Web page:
Sahar Y Issa
Alexandria University Faculty of Medicine, Egypt
Sahar Y Issa has completed her Doctorate degree in Clinical Toxicology & Forensic Medicine in 2008, from Faculty of Medicine, Alexandria University, Egypt and is a Lecturer of Clinical Toxicology & Forensic Medicine in the same University. She is currently a Consultant Toxicologist, and the Medical Director, supervising Emergency Toxicology, Molecular Toxicology, & Therapeutic Drug Monitoring units in Dammam Poison Control Center, MOH - Saudi Arabia. She has published more than 25 papers in reputed journals and serving as an Editorial Board Member of repute.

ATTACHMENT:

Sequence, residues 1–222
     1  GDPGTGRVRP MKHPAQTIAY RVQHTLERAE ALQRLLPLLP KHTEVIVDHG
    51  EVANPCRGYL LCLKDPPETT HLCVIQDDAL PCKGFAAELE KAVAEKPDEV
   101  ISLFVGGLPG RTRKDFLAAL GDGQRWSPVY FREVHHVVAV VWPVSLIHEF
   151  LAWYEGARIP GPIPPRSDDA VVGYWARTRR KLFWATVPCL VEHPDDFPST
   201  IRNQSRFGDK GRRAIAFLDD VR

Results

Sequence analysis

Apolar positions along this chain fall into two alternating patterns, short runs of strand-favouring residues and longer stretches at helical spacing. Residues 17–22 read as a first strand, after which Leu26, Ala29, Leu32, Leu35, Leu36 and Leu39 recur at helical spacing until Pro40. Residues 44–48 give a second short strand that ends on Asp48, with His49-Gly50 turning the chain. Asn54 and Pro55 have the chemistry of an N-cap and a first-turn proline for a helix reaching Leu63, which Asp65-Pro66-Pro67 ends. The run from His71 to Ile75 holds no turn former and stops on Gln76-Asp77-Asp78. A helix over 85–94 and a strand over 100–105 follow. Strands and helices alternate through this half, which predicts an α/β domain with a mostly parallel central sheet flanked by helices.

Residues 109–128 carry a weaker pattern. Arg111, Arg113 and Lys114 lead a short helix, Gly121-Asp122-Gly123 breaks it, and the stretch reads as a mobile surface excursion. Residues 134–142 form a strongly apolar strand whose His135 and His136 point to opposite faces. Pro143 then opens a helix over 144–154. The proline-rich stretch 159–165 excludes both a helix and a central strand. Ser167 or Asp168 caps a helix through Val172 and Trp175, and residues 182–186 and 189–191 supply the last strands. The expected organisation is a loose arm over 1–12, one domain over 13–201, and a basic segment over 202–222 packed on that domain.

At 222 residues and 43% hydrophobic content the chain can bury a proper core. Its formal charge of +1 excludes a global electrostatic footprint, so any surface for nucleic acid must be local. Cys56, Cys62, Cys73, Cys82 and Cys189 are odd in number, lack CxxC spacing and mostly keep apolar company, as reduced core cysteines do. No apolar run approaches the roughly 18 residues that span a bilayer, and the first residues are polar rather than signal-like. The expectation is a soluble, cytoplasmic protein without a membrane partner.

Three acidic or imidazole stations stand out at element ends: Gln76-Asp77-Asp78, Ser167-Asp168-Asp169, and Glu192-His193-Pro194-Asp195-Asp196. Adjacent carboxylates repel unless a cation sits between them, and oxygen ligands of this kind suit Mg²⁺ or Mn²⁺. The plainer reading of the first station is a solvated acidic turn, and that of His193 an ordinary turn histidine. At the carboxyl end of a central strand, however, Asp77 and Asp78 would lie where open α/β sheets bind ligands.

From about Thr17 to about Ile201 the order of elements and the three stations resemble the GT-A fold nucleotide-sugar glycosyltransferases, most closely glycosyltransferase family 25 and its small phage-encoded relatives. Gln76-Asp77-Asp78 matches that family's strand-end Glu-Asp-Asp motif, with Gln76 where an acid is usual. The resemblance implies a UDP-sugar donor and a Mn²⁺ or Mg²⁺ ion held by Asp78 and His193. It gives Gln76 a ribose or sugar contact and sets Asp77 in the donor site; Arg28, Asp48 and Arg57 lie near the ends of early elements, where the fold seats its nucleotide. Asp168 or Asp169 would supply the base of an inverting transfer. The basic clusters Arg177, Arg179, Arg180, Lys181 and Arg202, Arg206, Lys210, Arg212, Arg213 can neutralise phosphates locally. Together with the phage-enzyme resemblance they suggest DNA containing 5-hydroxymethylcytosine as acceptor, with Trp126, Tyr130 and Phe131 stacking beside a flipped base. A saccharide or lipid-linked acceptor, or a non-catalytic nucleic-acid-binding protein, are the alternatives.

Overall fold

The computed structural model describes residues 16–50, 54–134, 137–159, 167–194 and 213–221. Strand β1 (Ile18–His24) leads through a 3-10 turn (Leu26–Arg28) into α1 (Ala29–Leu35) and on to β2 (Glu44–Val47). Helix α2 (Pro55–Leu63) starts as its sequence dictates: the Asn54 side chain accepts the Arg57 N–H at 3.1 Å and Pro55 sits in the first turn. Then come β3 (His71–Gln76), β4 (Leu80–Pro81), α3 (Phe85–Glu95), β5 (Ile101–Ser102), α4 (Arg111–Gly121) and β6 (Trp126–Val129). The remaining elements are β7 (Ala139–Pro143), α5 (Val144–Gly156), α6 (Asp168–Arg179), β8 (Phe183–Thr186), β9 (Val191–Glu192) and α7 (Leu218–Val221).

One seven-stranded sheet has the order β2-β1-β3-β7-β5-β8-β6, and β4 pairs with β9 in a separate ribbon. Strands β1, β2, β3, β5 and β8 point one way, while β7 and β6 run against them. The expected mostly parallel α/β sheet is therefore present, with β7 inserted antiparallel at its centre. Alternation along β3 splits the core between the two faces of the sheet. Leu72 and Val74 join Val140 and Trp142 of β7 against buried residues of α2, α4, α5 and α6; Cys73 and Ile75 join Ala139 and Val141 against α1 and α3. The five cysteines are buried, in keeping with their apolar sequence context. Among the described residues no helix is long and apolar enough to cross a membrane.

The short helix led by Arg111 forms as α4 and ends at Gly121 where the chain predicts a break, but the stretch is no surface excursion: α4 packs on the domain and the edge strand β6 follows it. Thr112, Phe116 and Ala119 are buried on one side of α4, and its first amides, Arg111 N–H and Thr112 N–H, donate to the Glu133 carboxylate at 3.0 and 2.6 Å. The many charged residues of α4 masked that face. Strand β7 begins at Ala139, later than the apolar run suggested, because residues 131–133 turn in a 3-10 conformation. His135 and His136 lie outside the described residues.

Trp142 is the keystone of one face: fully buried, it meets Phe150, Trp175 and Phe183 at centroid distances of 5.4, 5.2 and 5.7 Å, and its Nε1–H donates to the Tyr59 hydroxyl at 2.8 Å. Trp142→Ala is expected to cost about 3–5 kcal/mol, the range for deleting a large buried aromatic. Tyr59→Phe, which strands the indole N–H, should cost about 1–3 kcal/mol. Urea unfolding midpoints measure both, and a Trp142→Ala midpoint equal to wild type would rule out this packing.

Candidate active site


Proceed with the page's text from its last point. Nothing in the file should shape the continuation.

The study was performed on 30 healthy adult male Albino rats divided into four groups with five rats in each control group, and ten rats in either experimental groups (two experimental and two control groups). Five rats (negative control) were kept in a quite non-stressful environment, provided with food ad libitum and free access to water. Normal saline (1 ml) was given orally as placebo in the positive control group (n=5). Experimental group III, baclofen acute toxicity group (10 rats): Each animal received a single dose of LD50 of baclofen orally by gavage. It equals 145 mg/kg b wt. The rats were observed for acute toxicity manifestations as well as for LD50 deaths. Group IV, (baclofen dependent group 10 rats): Each animal received baclofen (1/10th LD50) in gradually increasing doses for one month. The levels of blood urea nitrogen (BUN), creatinine kinase (CK), alanine aminotransferase (ALT), aspartate aminotransferase (AST), alkaline phosphatase (ALP), gamma-glutamyl transpeptidase (GGT), cardiac troponin I (CTnl), prothrombin time (PT), in both baclofen treated groups showed significant elevation when compared to controls. There were brain, lung, gastric, hepatic, and renal histopathological changes in baclofen treated rats whose severity varied between the two experimental groups.